Ask Dr. Kate Roberts: A Parent’s Concerns about Her Child’s Weight

UnknownDr. Kate: My 10 year old son has always been large for his age, but now I’m concerned that he is overweight. His doctor mentioned that his weight is up and I’m at a loss for what to do. My son is starting to call himself fat, all the while he continues to over eat. With all the festivities and goodies during the holidays, followed by sluggish winter months, I’m really concerned he’s going to gain when he really needs to lose weight. What can I do?

Answer: Thank you so much for your question. You are not alone in your concerns. The holidays are a big concern for many people regarding weight gain. It’s helpful to be aware that children who are already overweight are at risk to overeat and gain even more weight over time, thus causing cumulative weight gain that can result in obesity, especially if you don’t help them curb their eating during the holidays.

Here are some things to do to help your son to have a healthy lifestyle, leading to a healthy weight:

Adopt a healthy lifestyle for the entire family. What this means is that you have to eat healthy and your children will follow you. When my son was injured and had to do physical therapy, I knew that the fastest way to get him to do his exercises was for me to do them with him. It worked. Don’t go on a diet; do adopt a family program of healthy eating. If you don’t know where to begin, try Cookinglight.com for recipes for healthy family meals.

Be active every day. If your son is sedentary, find a way to be active together. Ideally to lose weight, he needs to burn more calories than he takes in. If you start slow with 10-15 minutes of activity a day, plan to work up to 45-60 minutes daily. Find the sport that he most enjoys and plan to do it together. If there is none, then plan to walk daily or use the workout programs on the Wii or Xbox. When everyone in the house is active, there are no excuses.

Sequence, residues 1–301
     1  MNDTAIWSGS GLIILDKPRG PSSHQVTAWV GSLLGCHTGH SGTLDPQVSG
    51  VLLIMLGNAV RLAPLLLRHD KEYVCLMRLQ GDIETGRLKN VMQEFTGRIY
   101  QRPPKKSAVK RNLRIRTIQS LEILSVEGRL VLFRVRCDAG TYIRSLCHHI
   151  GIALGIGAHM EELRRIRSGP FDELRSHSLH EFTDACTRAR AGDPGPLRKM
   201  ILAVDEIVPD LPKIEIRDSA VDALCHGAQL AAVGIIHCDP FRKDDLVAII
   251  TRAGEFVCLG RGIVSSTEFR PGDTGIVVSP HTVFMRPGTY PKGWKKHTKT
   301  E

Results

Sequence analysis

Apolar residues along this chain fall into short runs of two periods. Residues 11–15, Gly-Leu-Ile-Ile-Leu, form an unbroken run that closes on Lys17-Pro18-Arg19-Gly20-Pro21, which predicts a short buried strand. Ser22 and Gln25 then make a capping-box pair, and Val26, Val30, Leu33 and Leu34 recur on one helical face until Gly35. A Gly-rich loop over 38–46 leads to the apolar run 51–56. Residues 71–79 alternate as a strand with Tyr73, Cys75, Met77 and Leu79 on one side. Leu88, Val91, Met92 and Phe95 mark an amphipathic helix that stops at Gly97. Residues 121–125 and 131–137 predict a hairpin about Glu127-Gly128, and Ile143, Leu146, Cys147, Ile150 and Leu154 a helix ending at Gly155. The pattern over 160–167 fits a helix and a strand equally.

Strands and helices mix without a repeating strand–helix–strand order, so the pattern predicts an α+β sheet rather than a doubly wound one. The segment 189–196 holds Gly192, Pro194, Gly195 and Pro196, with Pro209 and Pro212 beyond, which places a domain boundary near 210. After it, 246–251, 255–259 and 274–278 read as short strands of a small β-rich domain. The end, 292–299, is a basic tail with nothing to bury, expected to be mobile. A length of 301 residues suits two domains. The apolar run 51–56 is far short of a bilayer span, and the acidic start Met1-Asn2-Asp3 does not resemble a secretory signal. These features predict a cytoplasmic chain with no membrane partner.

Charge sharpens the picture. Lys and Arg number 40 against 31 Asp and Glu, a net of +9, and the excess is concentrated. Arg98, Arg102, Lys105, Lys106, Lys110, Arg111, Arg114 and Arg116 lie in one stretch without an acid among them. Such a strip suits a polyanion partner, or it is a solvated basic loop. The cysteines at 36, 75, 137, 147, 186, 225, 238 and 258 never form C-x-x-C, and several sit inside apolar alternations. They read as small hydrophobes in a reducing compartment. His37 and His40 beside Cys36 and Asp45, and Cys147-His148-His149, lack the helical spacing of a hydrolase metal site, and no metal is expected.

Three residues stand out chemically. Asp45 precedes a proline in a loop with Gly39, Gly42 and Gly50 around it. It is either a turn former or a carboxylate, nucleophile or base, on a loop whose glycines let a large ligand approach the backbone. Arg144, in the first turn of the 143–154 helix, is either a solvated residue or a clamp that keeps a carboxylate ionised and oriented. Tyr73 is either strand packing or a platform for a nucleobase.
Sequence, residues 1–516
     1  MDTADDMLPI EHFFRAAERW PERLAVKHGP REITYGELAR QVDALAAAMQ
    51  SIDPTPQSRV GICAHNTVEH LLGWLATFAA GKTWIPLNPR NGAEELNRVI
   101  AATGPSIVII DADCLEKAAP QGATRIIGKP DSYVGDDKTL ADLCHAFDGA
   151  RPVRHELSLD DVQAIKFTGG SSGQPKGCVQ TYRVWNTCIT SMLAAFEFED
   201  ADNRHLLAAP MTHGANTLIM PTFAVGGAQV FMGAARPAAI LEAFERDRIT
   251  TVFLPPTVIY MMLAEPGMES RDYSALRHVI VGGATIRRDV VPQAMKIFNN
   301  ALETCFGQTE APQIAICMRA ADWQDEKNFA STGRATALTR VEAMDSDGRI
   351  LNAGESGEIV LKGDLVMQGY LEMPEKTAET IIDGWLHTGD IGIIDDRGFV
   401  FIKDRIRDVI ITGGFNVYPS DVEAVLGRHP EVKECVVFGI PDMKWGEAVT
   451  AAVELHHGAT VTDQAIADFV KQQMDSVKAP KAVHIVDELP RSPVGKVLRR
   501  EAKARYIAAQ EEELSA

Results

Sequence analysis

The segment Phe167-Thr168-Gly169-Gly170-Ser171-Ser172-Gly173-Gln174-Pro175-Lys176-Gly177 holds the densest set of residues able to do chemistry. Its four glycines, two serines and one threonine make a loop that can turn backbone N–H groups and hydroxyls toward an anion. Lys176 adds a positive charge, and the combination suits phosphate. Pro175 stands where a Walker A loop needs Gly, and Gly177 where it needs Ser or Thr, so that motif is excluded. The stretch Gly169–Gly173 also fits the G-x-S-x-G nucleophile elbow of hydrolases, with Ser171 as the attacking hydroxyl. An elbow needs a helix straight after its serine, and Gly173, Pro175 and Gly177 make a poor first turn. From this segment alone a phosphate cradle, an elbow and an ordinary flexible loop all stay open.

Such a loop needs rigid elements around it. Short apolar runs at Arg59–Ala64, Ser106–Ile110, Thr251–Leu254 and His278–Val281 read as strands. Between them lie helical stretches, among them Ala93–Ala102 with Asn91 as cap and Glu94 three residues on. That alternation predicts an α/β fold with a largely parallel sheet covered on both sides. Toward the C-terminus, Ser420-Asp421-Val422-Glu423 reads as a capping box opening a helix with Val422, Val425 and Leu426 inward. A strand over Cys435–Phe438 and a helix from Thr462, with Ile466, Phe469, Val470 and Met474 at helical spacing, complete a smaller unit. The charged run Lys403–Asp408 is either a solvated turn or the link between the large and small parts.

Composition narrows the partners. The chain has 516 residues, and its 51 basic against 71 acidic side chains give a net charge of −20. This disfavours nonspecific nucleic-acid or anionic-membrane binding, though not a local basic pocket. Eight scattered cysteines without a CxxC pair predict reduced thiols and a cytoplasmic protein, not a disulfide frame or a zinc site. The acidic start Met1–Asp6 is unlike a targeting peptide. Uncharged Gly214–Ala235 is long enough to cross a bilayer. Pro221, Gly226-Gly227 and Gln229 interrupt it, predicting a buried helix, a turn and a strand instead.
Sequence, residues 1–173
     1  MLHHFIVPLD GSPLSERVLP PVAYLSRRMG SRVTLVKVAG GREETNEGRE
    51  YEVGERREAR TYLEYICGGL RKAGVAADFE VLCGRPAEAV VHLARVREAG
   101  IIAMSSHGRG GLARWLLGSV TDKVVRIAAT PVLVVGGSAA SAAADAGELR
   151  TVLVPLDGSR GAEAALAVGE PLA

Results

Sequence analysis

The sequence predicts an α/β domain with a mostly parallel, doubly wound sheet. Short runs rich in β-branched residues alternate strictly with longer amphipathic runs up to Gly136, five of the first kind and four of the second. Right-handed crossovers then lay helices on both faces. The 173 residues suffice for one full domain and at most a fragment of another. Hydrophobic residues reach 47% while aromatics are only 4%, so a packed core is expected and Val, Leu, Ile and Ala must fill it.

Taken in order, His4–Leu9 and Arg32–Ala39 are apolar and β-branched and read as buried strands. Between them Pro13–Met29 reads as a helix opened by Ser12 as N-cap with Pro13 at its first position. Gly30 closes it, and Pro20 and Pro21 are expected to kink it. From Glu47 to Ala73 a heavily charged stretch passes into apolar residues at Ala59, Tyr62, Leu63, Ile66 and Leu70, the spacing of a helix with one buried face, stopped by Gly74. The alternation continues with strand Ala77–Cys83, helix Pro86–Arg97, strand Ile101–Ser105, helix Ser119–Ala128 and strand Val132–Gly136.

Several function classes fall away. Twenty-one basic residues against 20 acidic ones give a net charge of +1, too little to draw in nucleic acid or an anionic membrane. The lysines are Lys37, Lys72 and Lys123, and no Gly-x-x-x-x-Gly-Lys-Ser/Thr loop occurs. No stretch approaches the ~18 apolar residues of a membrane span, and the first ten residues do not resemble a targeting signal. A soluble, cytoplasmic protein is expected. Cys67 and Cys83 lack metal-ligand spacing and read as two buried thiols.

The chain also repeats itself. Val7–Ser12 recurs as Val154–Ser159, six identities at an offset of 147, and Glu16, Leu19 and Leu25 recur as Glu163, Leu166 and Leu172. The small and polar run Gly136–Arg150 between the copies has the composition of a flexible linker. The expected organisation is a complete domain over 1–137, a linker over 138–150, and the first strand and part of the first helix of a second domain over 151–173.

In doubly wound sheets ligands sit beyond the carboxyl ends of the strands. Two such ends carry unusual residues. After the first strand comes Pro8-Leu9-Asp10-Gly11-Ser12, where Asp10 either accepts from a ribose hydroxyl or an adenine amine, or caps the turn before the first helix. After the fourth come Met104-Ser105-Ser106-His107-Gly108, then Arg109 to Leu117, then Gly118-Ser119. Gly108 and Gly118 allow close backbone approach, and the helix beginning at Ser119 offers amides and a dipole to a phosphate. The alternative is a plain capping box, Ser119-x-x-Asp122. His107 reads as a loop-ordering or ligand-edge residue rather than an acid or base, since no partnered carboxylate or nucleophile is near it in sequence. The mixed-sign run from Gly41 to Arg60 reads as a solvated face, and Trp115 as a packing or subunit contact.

Educate the family on the benefit of being healthy. Discuss the increase in lifespan for healthy people and the decrease in diseases such as heart disease and dia- betes. Focus on the positives and stay away from the negatives and use of critical terms such as “fat” and “heavy”.

Change sedentary lifestyles. Even when you can’t all be active, find ways to have more activity by using stairs instead of elevators. Walk whenever you can and park at a distance when you drive. Even consider standing instead of sitting. Recent studies show that people who use standing work stations instead of sitting increase their life- span and are at less risk for diseases. Standing keeps the body active, whereas sitting is passive and promotes inactivity and decreased blood flow.

Skip the snacks. Don’t buy the junk and drink water instead of soda to keep the body hydrated and flushed.

Find rewards beyond food. Reward your family with the chance to do a new, fun activity or to have more quality family time.

 

 

If you have a question for Dr. Kate, please email her at kate@drkateroberts.com. We may publish your question, anonymously, in a future issue – along with Dr. Kate’s response.

This feature is brought to you, courtesy of Dr. Kate and North Shore Children & Families.

http://www.northshorefamilies.com/wp-content/uploads/2014/10/NSCF-NOVEMBER-2014-FINAL-ISSUE-PROOF-10-23-14.pdf

 

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